The study found that the counsellor judged pupils largely on their social class; this therefore put them at a disadvantage as middle-class students were placed on higher level courses. The self-fulfilling prophecy is another internal factor that can be linked to social class differences in achievement. A self-fulfilling prophecy is a prediction that comes true simply by virtue of it being made. Some sociologists argue that labelling can effect pupil’s achievement by creating a self-fulfilling prophecy. This can be seen in a study of a primary school by Rosenthal and Jacobson.
Labelling is where a teacher (or another adult) will give a student a name that is in relation to their personality or ability. This can be positive or negative, for example, bright boy or troublemaker. Underachievement can be said to be anything under a C grade for GCSE’s or not meeting your target grade. Some sociologists agree with the statement as they say that students feel that teachers will determine their future. If they are labelled as being ‘stupid’ early on in their career then they will be placed in the lower sets and streams.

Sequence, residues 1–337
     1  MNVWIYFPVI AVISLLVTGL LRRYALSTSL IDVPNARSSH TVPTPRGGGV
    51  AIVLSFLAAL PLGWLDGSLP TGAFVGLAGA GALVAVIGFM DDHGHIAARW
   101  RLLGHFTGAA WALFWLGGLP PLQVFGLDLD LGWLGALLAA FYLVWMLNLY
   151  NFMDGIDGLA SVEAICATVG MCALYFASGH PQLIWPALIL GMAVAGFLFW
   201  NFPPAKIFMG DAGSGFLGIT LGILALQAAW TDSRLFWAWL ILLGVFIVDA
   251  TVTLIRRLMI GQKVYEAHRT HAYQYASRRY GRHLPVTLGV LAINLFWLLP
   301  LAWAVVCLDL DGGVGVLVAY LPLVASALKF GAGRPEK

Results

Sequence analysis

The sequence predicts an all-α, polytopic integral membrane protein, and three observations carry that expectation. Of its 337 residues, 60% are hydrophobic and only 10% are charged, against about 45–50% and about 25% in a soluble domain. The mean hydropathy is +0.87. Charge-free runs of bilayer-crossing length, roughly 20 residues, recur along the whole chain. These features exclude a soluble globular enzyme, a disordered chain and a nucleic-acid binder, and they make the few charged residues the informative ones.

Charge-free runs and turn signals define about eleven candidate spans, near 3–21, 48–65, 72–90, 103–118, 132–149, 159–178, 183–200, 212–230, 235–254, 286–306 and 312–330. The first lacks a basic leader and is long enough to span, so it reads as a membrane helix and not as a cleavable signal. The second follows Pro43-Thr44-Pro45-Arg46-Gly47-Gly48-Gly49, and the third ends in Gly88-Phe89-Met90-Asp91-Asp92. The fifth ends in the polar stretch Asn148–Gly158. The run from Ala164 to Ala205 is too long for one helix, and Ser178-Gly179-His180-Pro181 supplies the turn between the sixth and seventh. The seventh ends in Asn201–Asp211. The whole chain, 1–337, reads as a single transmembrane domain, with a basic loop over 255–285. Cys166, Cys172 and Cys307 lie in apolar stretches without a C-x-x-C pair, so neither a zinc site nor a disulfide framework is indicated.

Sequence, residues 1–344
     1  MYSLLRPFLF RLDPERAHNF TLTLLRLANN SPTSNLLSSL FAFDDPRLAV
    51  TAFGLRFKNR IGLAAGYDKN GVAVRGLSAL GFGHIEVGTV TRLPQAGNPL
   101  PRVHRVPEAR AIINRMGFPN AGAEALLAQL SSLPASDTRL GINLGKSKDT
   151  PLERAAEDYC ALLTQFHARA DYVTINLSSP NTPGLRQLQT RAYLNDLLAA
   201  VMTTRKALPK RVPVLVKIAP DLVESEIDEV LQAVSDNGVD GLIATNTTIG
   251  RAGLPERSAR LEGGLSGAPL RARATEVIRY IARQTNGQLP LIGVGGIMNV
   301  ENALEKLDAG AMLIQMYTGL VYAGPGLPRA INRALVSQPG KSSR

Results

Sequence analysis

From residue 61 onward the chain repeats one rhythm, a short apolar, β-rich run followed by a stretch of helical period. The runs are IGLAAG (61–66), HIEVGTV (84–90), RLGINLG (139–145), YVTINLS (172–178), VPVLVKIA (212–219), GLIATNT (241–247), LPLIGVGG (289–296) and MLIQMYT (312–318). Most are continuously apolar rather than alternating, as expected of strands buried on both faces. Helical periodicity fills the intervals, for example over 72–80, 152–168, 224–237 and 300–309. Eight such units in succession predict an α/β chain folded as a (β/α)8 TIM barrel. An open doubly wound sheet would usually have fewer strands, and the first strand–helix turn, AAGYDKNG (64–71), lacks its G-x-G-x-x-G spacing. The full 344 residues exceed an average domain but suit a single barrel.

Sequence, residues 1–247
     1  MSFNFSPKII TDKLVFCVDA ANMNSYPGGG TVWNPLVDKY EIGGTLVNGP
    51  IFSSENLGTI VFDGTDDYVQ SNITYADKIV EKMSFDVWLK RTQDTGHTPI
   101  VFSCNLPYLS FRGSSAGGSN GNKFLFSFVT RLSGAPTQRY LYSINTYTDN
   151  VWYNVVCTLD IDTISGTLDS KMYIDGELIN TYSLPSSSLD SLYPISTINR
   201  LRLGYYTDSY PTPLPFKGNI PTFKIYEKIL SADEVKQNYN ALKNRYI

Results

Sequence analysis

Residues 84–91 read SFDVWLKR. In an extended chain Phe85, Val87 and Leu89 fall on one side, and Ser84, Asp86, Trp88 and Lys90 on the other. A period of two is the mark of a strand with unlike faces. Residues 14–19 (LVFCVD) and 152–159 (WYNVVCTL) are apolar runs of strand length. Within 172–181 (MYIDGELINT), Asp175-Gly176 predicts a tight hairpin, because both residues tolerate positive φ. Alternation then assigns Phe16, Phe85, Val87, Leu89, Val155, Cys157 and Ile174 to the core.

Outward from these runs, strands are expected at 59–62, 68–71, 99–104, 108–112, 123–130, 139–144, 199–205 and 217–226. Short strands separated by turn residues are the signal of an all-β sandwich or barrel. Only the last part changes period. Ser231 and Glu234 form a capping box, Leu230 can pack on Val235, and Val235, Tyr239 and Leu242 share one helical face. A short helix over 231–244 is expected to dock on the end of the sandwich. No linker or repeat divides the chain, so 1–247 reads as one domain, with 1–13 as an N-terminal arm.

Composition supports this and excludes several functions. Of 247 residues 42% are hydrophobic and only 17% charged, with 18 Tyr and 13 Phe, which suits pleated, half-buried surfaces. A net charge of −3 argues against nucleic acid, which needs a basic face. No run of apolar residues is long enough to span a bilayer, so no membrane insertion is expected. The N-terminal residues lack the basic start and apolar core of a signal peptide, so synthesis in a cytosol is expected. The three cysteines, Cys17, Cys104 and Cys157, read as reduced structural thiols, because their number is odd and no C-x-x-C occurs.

A school that requires its attendants to pass a test is charged with discrimination when it does not meet the quota for its admittance. The answer to this problem, from a supporter of affirmative action, is the inflation of the minorities’ grades on these tests. Institutions are then forced to keep a certain balance in the diversity of their student body, which can lead to the inflation of the minorities’ grades on all subjects. This grade inflation would then lead to a poorer education and the reality of a failing education system. This same kind of comparison is evident in the work force.
This type of stereotype is similar to that of the “dumb jock”, and like the students in the experiment college athletes are often portrayed as inferior academically (Lubus, 2011). These stereotypes cause the students to feel inferior because of the self-fulfilling prophecy, and the students adopt these attributes and behaviors because that is how their environment makes them feel. This study shows how our society can easily use stereotypes and prejudice to create an environment where they become the reality. The self-fulfilling prophecy uses the expectations of these stereotypes to create that environment, and this will affect a person’s own behaviors and self-impressions. I believe this creates a false sense of the stereotypes playing true, and that in actuality the people classified in the stereotype may be nothing like